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Top 5 Festivals in Tibet and Tibetan Festival Calendar

Losar Festival in Tibet
Located high in the lap of the Himalayas, the festivals in Tibet reflects the belief system and lifestyle of the Tibetan people. Being a Buddhist region, the festivals are largely connected to the worship of Lord Buddha or Guru Padmasambhava who introduced Buddhism in Tibet.

Most of the festivals are held in the courtyard monasteries and Buddhist shrines. Some of the major festivals celebrated in Tibet include Losar or Tibetan new year, Saga Dawa, Monlam Prayer festival, Shoton festival and horse racing Festival.

Tibetan New Year Or Losar

Losar or Tibetan New Year celebrations begins from the first day of the first month of the Tibetan lunar calendar and lasts till the 15th day. The beginning of the new year is celebrated with great pomp and show. It is a time for family gatherings and merry making. New dresses are bought and grand feasts are prepared. Families attend cultural shows which are held to celebrate the New Year wearing fine new clothes. Blessings are sought from learned lamas and elders and offerings are made at the monasteries with prayers for a prosperous year.

The lady of the household plant barley seeds in a bowl and makes a wooden grain box called “Quiema’ praying while prying for a prosperous year for her family. One of the many delicacies that are prepared during Losar include ‘kasai’, a fried sweet dough shaped into interesting shapes.  Wrestling competitions, Tibetan opera and horse races are held as part of the New Year celebrations.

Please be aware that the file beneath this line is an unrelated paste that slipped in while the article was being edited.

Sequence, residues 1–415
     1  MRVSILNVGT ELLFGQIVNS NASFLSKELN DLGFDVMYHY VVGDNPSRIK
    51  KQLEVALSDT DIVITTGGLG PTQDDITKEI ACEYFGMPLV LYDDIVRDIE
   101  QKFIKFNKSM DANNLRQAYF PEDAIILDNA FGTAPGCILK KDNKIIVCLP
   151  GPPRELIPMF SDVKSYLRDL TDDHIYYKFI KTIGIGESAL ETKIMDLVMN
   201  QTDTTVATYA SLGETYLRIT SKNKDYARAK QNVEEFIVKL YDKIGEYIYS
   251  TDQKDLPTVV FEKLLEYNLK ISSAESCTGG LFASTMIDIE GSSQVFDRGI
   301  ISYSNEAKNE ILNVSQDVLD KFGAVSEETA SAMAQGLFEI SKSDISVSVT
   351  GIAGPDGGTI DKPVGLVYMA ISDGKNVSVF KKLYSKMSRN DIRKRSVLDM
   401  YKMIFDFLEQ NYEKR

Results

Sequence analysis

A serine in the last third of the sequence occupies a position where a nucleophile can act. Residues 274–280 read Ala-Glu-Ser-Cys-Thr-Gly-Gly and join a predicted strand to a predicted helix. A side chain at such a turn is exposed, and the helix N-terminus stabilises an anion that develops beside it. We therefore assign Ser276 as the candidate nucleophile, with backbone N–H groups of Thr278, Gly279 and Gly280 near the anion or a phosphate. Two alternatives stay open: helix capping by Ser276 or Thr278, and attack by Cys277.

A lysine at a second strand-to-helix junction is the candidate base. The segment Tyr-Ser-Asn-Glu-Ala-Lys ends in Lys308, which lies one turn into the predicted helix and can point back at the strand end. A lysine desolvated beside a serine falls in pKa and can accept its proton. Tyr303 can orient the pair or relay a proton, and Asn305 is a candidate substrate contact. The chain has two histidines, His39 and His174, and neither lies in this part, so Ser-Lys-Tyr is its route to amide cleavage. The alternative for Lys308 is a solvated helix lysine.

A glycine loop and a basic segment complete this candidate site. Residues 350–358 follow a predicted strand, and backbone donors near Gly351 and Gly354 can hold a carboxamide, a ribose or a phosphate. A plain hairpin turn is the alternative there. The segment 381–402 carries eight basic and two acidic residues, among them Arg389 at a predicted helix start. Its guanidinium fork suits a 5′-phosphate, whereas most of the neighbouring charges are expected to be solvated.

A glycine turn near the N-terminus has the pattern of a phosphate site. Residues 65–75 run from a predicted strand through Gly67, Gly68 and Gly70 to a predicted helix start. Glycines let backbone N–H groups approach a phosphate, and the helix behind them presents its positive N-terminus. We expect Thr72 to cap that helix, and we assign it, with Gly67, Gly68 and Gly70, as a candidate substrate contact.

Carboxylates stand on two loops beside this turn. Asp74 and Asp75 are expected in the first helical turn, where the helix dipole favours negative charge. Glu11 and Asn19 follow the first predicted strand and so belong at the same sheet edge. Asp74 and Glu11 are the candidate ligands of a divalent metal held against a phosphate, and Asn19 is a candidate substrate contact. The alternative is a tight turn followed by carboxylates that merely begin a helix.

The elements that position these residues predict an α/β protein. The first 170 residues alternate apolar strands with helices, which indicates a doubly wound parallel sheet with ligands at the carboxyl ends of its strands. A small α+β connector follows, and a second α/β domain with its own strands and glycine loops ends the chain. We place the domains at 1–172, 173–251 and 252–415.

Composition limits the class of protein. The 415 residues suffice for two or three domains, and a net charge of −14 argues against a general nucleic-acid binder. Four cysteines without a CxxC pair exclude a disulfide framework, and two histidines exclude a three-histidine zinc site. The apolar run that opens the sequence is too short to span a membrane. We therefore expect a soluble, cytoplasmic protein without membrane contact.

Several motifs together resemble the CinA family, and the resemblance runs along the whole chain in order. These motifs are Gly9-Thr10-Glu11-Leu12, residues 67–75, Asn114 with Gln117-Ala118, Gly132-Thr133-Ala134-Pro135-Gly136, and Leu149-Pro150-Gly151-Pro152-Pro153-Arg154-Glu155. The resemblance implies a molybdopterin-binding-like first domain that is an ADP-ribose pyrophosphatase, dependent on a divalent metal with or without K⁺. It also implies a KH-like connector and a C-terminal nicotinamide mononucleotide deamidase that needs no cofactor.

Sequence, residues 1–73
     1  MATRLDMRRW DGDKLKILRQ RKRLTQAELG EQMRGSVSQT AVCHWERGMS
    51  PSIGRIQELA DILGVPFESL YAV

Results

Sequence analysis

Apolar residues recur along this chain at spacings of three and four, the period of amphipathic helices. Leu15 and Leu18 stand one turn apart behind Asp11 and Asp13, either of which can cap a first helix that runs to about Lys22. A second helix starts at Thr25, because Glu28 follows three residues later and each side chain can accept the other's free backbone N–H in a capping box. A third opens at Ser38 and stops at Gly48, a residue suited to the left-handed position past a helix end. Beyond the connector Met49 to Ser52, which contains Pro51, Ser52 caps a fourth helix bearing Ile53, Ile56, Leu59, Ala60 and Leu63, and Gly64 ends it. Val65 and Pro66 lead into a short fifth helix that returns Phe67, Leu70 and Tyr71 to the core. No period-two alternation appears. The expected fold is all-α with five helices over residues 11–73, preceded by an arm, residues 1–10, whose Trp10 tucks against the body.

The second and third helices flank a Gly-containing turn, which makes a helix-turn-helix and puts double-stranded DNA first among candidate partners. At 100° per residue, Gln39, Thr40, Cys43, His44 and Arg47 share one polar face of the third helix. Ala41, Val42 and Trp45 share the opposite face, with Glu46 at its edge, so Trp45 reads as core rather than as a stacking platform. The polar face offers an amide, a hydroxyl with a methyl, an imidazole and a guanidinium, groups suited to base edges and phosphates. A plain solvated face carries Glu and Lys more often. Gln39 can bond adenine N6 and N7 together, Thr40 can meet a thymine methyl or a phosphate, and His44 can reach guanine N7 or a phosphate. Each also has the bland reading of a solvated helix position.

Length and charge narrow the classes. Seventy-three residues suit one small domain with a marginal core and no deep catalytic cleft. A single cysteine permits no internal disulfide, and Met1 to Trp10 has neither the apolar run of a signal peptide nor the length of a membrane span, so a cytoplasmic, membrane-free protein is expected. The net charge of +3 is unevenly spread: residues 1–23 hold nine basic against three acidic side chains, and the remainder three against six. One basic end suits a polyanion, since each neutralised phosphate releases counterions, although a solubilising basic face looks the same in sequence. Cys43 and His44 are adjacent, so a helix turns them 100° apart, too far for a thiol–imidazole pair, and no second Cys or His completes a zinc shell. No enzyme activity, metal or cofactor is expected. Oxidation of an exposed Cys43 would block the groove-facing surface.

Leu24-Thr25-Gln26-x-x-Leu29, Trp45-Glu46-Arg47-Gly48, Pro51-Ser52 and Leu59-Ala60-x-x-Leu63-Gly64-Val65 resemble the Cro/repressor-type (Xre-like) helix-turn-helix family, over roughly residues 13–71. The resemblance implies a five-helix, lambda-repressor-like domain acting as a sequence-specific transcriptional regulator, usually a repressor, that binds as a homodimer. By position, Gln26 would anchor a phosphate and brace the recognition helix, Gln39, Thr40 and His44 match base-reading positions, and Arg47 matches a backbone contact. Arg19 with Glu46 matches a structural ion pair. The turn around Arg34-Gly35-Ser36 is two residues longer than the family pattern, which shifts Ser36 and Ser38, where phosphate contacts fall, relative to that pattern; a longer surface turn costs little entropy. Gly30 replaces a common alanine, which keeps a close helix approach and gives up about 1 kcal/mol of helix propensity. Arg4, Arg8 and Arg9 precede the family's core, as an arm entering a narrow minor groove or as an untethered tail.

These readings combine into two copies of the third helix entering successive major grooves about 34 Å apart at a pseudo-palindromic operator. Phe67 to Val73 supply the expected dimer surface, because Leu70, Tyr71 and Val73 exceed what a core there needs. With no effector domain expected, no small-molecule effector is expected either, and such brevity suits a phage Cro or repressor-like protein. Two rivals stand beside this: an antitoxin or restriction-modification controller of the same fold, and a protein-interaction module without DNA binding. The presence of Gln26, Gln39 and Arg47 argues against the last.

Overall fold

Shoton Festival

Shoton Festival is one of the most ancient festivals celebrated in Lhasa. The festival falls on the sixth or seventh month of the Tibetan lunar calendar (August in the Gregorian calendar). It is also known as the ‘yoghurt eating festival’, as it marks the ending of the long meditation and fasting taken by the monks by eating yoghurt.

The celebration of Shoton festival begins with the unfurling of the giant 500 square metre thangkha of Lord Buddha at the Drepung Monastery. The procession moves to Sera Monastery and later to Norbulingka, the Summer Palace of Dalai Lama. Common people offer yoghurt to the monks and seek blessings from them. The festival which lasts for five days is filled with cultural songs and dances and Tibetan Opera is performed at the garden of the Norbulingka Palace and the park at the Potala Palace. Ancient scroll paintings of Lord Buddha are exhibited at the Drepung Maonstery during the festival.

Saga Dawa Festival

Saga Dawa Festival

Saga Dawa is one of the most important festivals celebrated by Tibetans. It is held in the fourth month of the Tibetan calendar (May and June) to commemorate the birth, enlightenment and parinirvana of Shakyamuni Buddha. The month long festival is celebrated by taking pilgrimages to sacred Buddhist sites and performing meritorious deeds as prescribed by Buddhist religious texts.

 People perform a kora (circumambulation) around Mount Kailash and a new prayer pole is erected at Tarboche, at the base of the sacred mountain. The flagpole, which rises to a height of 25 metres, is covered with colorful prayer flags hung by people asking for a boon. After the flagpole is erected, people walk around it as it is believed that walking around the flagpole 13 times is equivalent to completing a kora around Mount Kailash. Bits of paper with personal prayers written on it are released in the wind with the hope that the wind carries it to the heavens.